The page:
When Atiyah Abd al-Rahman disappeared into the blast cloud of a Hellfire missile last month in Pakistan, the target of an apparent CIA drone strike, it confirmed what many counterterrorism experts have long known: Perhaps the least promising job promotion on earth is to be elevated into the top leadership ranks of al-Qaida.
Rahman was considered the organization’s second-in-command, and a close confidant of current leader Ayman al-Zawahiri. With the killing of Rahman and the dispatch last May of Osama bin Laden, it’s getting very lonely at the top for Zawahiri and the relatively few remaining “core” al-Qaida operatives in Pakistan.
On the eve of the 10-year anniversary of the 9/11 attacks, National Journal asked top U.S. counterterrorism officials and experts to put those al-Qaida losses into context, and to assess the enemy in America’s long “war on terror.” Though opinions vary on some particulars, there was consensus on the fundamental assessment that the core al-Qaida terrorist organization is crippled -- still dangerous and capable of launching terrorist attacks, but almost certainly lacking in the ability to plan and execute strategic “spectaculars” on the order of 9/11.
There was also broad agreement among counterterrorism experts that a successful terrorist attack on the United States or its Western allies is all but inevitable sometime in the future. Barring terrorists acquiring a weapon of mass destruction, however, the experts generally doubted it would prove a 9/11-type game-changer.
According to Andrew Liepman, principal deputy director of the National Counterterrorism Center, there are essentially three schools of thought about the future of a post-bin Laden al-Qaida. The first holds that bin Laden was an iconic leader who supplied the essential ideology and vision, and without him al-Qaida is finished. The second school of thought, he said, holds that by the time of his death bin Laden was isolated and largely irrelevant to al-Qaida operations, and thus his death will make little difference.
“I think the truth lies between those poles,” Liepman told National Journal. “Bin Laden’s death is an important milestone in a 10-year battle against a truly evil ideology, and the country and the West are safer for the fact that he is gone. No one else in the organization has his personal credibility and charisma, so his death was a real body blow to an organization that was already struggling and in a lot of trouble. On the other hand, we’ve seen that despite being degraded, al-Qaida has the ability to resuscitate itself. So it would be a big mistake for us to take our eye off of this threat.”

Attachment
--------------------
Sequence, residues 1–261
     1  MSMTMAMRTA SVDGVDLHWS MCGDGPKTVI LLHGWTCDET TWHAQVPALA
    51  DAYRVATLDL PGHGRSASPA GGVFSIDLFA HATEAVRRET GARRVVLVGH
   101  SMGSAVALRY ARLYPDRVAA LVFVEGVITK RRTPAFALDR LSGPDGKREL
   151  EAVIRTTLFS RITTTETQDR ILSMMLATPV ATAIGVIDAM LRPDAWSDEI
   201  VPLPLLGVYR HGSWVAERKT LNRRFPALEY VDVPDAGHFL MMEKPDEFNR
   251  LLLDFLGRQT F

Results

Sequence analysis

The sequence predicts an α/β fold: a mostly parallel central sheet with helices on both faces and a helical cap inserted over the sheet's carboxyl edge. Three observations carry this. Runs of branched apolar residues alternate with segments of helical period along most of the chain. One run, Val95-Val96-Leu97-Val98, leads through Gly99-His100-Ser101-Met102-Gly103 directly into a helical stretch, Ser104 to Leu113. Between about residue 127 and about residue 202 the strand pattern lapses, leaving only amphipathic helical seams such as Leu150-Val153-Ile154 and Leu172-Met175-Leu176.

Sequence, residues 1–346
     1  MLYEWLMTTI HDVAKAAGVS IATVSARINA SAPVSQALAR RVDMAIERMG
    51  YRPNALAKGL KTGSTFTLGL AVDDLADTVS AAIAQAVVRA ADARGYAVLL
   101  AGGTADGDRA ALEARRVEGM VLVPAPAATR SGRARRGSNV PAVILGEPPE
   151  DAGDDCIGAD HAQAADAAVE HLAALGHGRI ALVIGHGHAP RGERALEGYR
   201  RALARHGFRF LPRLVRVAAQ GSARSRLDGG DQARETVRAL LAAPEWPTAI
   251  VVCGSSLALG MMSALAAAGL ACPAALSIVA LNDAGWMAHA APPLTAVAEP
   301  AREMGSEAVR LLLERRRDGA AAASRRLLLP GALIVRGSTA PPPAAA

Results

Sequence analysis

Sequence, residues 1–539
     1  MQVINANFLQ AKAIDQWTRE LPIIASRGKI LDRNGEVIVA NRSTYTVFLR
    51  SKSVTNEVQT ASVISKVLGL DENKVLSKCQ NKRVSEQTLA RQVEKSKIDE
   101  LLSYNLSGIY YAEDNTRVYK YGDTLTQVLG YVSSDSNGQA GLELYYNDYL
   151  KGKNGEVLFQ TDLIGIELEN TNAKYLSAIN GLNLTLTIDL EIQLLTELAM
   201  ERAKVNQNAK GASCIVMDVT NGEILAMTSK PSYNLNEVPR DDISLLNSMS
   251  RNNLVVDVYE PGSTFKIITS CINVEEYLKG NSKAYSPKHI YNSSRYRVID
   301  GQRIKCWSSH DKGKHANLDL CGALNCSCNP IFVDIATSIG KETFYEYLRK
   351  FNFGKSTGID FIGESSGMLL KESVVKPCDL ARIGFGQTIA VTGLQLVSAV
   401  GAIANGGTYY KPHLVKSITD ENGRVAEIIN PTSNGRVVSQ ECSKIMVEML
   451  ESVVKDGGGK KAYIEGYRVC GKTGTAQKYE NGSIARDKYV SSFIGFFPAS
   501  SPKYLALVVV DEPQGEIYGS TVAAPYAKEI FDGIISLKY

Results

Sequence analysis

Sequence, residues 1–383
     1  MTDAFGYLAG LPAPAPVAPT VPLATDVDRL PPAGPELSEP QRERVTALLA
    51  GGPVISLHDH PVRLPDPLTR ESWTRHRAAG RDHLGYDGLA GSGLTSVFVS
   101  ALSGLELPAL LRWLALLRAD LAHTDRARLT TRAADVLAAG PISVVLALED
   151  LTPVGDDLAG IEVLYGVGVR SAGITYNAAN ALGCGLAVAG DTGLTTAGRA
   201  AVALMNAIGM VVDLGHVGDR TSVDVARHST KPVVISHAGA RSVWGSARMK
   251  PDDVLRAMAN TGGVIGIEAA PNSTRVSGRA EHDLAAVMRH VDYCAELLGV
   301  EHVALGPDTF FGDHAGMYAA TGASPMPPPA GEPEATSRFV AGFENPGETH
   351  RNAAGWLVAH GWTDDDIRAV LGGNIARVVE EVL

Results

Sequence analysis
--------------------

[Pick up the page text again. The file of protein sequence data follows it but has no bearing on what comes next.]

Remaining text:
Former CIA Director Michael Hayden said the recent killing of Rahman, coming so close on the heels of bin Laden’s death, will deal a major blow to an already reeling al-Qaida.
“Killing Rahman was big deal because he was the bridge between Zawahiri and core al-Qaida in Pakistan, and its franchises,” Hayden said in an interview. “And given the pace with which we are taking their senior leadership off the battlefield, al-Qaida no longer has a deep bench at all.”
WATCH: Bin Laden hunters reflect on the search:
The Bin Laden Hunters: Reflections from the Hunt
Losing the Narrative
Bin Laden was probably least expendable to al-Qaida as its visionary and chief propagandist. Just the fact of his surviving the most intense manhunt in history for nearly a decade was part of the group’s powerful mythology. Yet even before his death, polls showed that Muslim support for al-Qaida’s bloody tactics and bin Laden’s vision of a fundamentalist Islamic caliphate was declining dramatically. The Arab world has been far more transfixed by the self-immolation of a lowly Tunisian fruit seller that ignited the Arab Spring democratic uprisings earlier this year, a new narrative that refutes much of what al-Qaida stands for.
“Bin Laden was important as the symbolic leader and 'emir' of al-Qaida, and also because he narrated to his followers who they were fighting, and why. There is no one else in the organization who can assume that communications role in quite the same way,” said Steve Coll, author of Ghost Wars: The Secret History of the CIA, Afghanistan, and Bin Laden. While al-Qaida remains militarily resilient, he said, it has ultimately failed as a broad political movement.
“Instead we’ve seen the revolutions of the Arab Spring launched on very different principles,” said Coll. “So al-Qaida is isolated within the greater Muslim community to a large degree. However, it continues to harbor skilled terrorists determined and willing to sacrifice themselves to carry out bold plots, and small groups of determined fanatics can cause a lot of havoc in the world.”
Given the relentless pressure on al-Qaida’s core group in Pakistan, the future of the organization may lie in more dispersed affiliates that have sprung up in some of the least governed and most violent spaces in the world, fertile ground for its brand of nihilistic extremism. These include al-Qaida in Iraq, an Algerian offshoot operating in North Africa and calling itself al-Qaida in the Islamic Maghreb, and the affiliated Islamist militants of al-Shabaab in Somalia.
Photos from Getty Images, UPI, and White House. Music by Kevin MacLeod. contributed to this article.
This article appears in the September 7, 2011 edition of National Journal Daily PM Update.
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